Tell us a bit about your career so far. What is your current activity?
I am currently a Senior Research Fellow in the Experimental Cancer Medicine Team at the Christie NHS Foundation Trust.
I am originally from Estonia and finished my oncology training there in 2016. After finishing, I applied and was successfully awarded a PhD fellowship on pancreatic cancer at the University of Manchester and The Christie NHS Foundation Trust. This PhD, that I have just finished, investigated clinical aspects of pancreatic cancer and so naturally I am extremely passionate about pancreatic cancer and GI cancers in general. I hope for a future career that would allow me to combine clinical research and GI oncology.
What motivates you?
Complex patients issues and questions. This is especially true in pancreatic cancer which is a terrible disease with short outcomes and multiple complex issues happening to the patients at the same time. Every time I talk to a patient in clinic, their questions lead me to want to understand these problems and motivate me to explore further if there is no answer. I think the amazing thing about oncology research is how quickly new trials and treatment options come for patients and how the whole community is focused on finding ways to improve outcomes for our patients. We are all constantly curious and try to find better ways to help our patients.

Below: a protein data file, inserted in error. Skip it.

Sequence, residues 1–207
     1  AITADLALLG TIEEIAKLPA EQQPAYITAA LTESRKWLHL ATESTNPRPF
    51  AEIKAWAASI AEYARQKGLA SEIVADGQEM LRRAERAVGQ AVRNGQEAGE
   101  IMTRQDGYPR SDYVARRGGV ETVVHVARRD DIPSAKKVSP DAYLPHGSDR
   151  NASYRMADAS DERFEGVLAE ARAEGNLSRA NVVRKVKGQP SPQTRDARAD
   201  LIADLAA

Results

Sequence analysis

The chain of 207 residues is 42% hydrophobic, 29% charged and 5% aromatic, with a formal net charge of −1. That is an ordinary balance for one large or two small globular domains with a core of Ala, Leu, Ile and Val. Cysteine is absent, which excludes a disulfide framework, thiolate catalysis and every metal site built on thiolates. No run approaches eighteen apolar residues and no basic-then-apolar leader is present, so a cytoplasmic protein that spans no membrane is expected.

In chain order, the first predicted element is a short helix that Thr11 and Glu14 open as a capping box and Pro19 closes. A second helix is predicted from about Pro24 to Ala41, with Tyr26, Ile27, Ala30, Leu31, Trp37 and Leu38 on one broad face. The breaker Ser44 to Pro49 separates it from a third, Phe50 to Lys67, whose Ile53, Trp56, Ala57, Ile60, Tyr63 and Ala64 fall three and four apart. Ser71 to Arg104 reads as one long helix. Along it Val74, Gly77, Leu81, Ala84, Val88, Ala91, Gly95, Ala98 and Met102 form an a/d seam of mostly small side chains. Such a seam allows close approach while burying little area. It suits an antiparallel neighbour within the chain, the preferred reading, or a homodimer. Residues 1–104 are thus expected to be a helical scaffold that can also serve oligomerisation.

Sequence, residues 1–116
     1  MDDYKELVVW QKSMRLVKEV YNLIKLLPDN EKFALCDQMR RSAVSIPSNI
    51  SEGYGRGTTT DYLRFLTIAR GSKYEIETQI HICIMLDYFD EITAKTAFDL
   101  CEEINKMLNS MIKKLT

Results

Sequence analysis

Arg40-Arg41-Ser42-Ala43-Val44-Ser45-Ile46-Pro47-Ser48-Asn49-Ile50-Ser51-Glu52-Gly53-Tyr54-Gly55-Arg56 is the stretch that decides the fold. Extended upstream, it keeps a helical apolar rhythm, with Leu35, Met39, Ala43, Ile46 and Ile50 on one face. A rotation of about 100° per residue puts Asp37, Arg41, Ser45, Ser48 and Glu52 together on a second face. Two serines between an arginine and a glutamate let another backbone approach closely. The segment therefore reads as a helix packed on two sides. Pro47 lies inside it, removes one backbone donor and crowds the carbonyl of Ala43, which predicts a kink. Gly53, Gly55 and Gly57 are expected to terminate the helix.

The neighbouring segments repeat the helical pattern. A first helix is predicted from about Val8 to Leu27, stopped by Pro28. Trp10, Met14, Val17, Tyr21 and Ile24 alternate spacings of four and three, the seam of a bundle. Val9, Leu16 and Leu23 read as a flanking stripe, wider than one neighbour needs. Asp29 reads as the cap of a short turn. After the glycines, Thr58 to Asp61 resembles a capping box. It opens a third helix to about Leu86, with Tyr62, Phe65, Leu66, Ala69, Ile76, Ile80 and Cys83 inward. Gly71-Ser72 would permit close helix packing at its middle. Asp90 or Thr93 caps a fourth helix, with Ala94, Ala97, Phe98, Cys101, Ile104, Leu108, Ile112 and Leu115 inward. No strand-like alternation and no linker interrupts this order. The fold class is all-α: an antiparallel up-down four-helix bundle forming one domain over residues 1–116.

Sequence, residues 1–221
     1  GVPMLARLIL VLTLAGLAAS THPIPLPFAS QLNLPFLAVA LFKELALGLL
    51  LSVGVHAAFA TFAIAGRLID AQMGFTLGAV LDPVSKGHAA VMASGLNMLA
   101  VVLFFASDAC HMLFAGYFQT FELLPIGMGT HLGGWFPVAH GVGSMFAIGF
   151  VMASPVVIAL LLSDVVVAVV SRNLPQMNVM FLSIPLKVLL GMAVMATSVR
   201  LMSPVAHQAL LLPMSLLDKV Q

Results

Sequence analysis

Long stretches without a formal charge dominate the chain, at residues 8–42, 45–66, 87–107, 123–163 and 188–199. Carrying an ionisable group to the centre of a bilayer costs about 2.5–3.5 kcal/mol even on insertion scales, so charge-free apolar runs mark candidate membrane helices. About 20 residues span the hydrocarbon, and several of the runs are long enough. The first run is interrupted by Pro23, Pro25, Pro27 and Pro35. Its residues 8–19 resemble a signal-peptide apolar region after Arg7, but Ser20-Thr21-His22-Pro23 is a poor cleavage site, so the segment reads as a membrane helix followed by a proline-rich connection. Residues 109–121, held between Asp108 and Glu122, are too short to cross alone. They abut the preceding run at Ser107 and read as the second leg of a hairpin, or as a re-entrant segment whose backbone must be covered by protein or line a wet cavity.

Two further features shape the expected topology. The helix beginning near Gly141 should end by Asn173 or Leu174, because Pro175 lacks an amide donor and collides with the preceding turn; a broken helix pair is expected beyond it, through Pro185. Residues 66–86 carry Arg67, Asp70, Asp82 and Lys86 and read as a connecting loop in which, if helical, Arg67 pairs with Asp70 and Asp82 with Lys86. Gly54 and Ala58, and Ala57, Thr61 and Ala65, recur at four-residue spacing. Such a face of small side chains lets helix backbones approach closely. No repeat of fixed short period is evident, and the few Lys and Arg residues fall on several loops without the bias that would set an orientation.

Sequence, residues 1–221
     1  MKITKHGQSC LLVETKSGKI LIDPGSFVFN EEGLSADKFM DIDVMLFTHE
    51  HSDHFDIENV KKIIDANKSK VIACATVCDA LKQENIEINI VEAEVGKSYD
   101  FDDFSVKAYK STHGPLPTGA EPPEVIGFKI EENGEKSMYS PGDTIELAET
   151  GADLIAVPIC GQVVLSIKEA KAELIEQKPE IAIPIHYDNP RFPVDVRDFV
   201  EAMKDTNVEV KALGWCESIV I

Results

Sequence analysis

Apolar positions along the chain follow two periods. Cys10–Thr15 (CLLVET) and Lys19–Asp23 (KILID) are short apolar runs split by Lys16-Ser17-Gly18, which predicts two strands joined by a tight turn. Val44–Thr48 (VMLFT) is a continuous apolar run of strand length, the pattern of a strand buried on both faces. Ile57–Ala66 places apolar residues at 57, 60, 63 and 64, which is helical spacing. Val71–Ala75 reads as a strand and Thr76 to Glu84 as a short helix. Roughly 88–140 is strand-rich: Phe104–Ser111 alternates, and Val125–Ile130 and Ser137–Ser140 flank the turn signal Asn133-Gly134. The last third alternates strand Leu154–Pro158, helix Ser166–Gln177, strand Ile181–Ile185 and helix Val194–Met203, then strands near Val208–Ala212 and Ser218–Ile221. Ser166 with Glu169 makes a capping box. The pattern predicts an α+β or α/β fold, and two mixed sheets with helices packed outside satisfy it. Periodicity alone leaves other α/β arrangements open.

Why did you choose to become a medical oncologist?
Oncology was always the most fascinating subject for me in medical school. There is a beautiful balance in oncology where you see the rapid pace of research, but you also have complex patients needing treatment urgently in clinic. It constantly makes you want to be a better doctor- enhance your communication and support with patients; understand the science behind novel treatments and conduct research yourself to help the next patients. I do not think any other specialty has that and that is why I find it the most captivating.
What does your involvement with ESMO and the Young Oncologists Committee (YOC) mean to you?
I feel extremely lucky to be part of the ESMO YOC, surrounded by likeminded people motivated to improve oncology education in Europe. I am very passionate about education and teaching and I believe that the YOC is an excellent way of helping oncology trainees in different countries and bringing them together as a community. We have already seen the amazing job the YOC has done throughout the years and I think we have great motivation and drive to improve our scope even further. I must say that the people in YOC are amazing to work with too!
Do you have some good advice you would like to share with your international colleagues?
Be curious, look for new opportunities, learn from each other! ESMO is a great place to start- join and come to our meetings and preceptorships - they are there for you to learn and find collaborators (or friends) around the world. I would also highly recommend going for fellowships abroad or even short visits to other centres - it truly expands your views about all areas of oncology and gives you loads of motivation for the future.